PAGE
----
Code should be written to be readable and not just runnable.

Any code we write at Adafruit is 'read' by a many thousands of people with varying levels of experience with the software and hardware they are working with.

That puts a unique burden on us to produce code that doesn't just 'work', but is also easy to understand and maintain.

In a conscious effort to improve our own code in this area, we've put together this simple guide to writing code that's easier to read, maintain and understand.

While everything suggested here is somewhat personal, and largely a reflection of my own habits working in C over the years, as Adafruit continues to grow as a company we want to put more emphasis on code quality, in the same way we've focused on the quality of our HW designs and tutorials.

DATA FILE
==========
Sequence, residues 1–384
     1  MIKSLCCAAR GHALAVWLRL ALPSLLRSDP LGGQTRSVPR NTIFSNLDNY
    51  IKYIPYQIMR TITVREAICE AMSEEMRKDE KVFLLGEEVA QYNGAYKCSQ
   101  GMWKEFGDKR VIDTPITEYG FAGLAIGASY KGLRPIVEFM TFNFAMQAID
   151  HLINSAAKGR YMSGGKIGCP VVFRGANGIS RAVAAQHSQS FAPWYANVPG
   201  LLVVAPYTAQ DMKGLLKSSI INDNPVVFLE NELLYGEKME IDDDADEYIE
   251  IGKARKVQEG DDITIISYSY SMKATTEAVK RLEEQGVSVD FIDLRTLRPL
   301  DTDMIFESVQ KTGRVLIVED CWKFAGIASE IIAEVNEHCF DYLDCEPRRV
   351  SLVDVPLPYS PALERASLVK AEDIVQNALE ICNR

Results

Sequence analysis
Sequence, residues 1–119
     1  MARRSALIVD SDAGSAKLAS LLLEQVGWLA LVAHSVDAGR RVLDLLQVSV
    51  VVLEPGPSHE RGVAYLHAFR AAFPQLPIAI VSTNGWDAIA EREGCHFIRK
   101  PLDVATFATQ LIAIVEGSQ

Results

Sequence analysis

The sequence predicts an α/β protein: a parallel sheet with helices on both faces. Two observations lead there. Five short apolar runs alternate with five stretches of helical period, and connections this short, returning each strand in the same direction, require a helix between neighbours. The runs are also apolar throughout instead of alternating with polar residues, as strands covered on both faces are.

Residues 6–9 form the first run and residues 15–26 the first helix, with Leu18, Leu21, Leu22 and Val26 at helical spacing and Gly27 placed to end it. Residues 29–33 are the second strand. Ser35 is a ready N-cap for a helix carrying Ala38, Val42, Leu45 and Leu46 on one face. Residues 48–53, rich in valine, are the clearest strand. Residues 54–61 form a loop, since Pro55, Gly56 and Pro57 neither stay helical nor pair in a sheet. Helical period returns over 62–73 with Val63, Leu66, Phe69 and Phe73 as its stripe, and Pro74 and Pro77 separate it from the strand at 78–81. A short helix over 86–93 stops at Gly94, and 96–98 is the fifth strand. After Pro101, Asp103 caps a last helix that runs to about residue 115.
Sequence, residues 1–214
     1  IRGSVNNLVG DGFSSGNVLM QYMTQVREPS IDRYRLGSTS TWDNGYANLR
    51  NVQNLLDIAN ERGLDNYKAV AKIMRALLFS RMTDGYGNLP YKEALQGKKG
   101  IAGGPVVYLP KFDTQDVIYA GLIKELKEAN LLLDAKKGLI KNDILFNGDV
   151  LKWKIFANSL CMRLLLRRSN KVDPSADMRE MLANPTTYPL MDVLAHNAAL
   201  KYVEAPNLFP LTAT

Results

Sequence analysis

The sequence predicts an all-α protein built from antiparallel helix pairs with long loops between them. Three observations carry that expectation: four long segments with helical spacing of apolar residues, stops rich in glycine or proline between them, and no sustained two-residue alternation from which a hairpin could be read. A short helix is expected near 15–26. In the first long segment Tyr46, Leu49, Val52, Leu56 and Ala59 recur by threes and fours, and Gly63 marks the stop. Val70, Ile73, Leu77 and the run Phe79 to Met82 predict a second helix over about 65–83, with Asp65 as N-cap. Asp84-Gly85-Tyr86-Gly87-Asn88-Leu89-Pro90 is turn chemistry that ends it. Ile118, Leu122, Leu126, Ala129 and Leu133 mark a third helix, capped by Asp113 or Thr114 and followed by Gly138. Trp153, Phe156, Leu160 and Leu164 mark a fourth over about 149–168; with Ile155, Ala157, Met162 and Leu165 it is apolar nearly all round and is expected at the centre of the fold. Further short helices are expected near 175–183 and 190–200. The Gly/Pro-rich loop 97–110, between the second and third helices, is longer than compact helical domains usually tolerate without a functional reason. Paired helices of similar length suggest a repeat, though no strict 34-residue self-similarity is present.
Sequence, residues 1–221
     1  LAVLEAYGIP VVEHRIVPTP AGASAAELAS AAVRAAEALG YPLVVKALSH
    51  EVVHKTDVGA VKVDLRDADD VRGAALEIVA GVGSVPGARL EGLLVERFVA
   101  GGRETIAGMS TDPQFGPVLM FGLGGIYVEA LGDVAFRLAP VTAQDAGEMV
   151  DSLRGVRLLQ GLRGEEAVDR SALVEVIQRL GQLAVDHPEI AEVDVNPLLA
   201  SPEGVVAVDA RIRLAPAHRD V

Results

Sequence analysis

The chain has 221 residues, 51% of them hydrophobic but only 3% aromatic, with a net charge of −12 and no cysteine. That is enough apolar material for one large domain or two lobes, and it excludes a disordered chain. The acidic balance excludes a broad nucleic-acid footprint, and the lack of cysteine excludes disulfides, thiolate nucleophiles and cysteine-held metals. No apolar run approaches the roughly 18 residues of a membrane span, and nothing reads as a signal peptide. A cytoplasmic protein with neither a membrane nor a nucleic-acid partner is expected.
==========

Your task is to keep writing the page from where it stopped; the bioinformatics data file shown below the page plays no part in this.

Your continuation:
We've tried to keep these guidelines as general as possible recognizing that everyone has (and has the right to) their own style, but there are some things we think are worth insisting on in the interest of readability and keeping things accessible for customers.
This guide is a work in progress, and is far from complete. We're publicly documenting our process of setting the standard for new drivers as we grow as a company and bring new people on board to help offer our customers the best possible user experience with reliable HW and documentation as well as reliable, easy to understand drivers.
Last updated on 2015-05-04 at 04.27.56 PM Published on 2014-05-01 at 11.53.52 AM